B.3 Public Face
Activities which have a public interface achieve better neighbourhood integration and acceptance, while improving exposure to clients.
[Context] Manufacturers are increasingly seeing the benefits of creating a stronger relationship with existing and future clients. Businesses are also increasingly aware of the importance of generating community relations to avoid possible conflict and to generate clients through word of mouth. Public façades and street related spaces allow both clients and the general public to have an insight into what is being produced on the site, (R1 Making Making Visible). The public face can include a range of different solutions with varying levels of visual access into the business. A glass façade and showroom can be enough to exhibit the business’ products. A shopfront or retail façade provide even greater accessibility by the general public to purchase a sample of the production process. Alternatively a business may choose to have a large section of the façade in glass, which allows the general public to watch the production process. Such interventions are particularly relevant to both small and large businesses who mix manufacturing with direct retail, education and training activities. For these businesses, the public face provides not only an aesthetic but also a functional interface between the business and the general public. For more discreet businesses, simple signage can be useful.
[Problem] Even when embedded in dense urban areas, contemporary manufacturing activities tend to be hidden from plain sight behind fences, blank walls or doors. This results in manufacturers having little presence or contribution to urban life at the street level. Manufacturing in general remains out of site and out of mind, making it invisible to many. As such, it can be deemed as undesirable for vibrant city life and expendable in urban renewal and development projects. Conversely, manufacturers which combine designing, selling and producing activities, often cannot find a suitable site in denser neighbourhoods that can offer a public face, since their manufacturing activities are not commonly perceived as ‘suitable’.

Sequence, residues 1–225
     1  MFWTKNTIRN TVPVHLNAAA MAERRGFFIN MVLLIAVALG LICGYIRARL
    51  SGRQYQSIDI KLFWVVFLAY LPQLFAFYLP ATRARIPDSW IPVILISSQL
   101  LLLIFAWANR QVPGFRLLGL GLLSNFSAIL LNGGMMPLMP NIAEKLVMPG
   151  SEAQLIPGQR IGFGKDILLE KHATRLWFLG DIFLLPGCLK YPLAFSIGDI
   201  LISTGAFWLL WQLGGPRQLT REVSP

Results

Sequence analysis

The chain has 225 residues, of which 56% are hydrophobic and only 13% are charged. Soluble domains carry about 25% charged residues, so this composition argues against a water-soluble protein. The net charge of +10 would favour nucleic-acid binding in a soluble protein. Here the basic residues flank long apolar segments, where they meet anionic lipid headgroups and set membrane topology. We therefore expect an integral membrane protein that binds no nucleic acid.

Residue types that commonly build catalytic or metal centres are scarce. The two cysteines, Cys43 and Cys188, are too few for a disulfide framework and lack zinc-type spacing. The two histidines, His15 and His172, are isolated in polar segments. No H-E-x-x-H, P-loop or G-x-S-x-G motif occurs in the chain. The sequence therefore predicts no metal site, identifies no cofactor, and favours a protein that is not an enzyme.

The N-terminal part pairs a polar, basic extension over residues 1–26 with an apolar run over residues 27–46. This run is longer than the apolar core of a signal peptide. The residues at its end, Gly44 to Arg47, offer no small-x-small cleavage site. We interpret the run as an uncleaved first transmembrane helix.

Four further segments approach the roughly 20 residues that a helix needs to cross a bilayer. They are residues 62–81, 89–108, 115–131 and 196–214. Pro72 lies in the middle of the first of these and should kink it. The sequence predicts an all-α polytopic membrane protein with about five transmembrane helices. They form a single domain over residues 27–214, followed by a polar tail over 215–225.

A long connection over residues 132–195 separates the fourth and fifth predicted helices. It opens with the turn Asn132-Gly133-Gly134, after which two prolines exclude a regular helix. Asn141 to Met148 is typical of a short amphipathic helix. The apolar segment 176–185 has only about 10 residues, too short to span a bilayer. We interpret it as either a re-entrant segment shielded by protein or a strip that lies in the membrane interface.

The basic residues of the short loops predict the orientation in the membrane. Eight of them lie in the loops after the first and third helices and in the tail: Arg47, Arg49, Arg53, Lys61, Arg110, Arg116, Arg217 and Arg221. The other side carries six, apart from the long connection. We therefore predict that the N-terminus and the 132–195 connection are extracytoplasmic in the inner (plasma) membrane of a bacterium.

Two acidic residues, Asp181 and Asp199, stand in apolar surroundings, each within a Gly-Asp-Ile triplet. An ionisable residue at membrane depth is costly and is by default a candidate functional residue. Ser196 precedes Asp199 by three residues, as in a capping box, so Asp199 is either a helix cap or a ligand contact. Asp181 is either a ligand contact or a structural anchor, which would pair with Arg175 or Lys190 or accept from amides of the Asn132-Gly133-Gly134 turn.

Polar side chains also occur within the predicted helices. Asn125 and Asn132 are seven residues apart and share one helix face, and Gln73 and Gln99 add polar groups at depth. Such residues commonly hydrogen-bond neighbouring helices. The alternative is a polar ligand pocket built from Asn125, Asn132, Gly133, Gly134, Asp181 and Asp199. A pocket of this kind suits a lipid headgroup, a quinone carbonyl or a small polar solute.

[Forces] As political will and public opinion are key drivers in the acceptance of manufacturing in mixed use areas, businesses are under pressure to better communicate their activities. A public face that provides visibility to its business activities can also reveal their working processes and be exposed to industrial theft. As such, public authorities should be careful in encouraging businesses in how to disclose their activities, communicating the business’ value to society, without forcing the business to give away more than necessary information.
[Solution] Improve the relationship between manufacturers and the general public with a public facing façade. Before doing so, the business should have very clear ambitions for what it aims to gain from increasing the link to the street. The level of interaction with the street should relate to the business’ values and the relationships it aims to build with their clients and the surrounding neighbourhood. Businesses with products requiring high levels of public trust, like food, can enforce this relationship with a public façade like a shopfront. A business, such as a pharmaceutical company, that requires high levels of security may simply offer signage. Achieving R.2 Transparent Manufacturing and R.1 Making Making Visible can be strengthened by a public face, and should be embedded in design regulations such as C.1 Microzoning. These rules should guide the interaction between the street, the community, and the manufacturing processes including windows, shop-fronts and public entrances. Smaller manufacturers and other professionals may also have shared premises, such as a P.8 Community Hub in Making Locations that can also be accessible by the local community. Manufacturing activities with a public face could also include well accessible P.7 Spaces for Development & Education, especially when they are N.10 Making Along High Streets. The physical public face could be complemented by open days and tours which may also offer an alternative revenue stream through tourism (see R.1 Making Making Visible).
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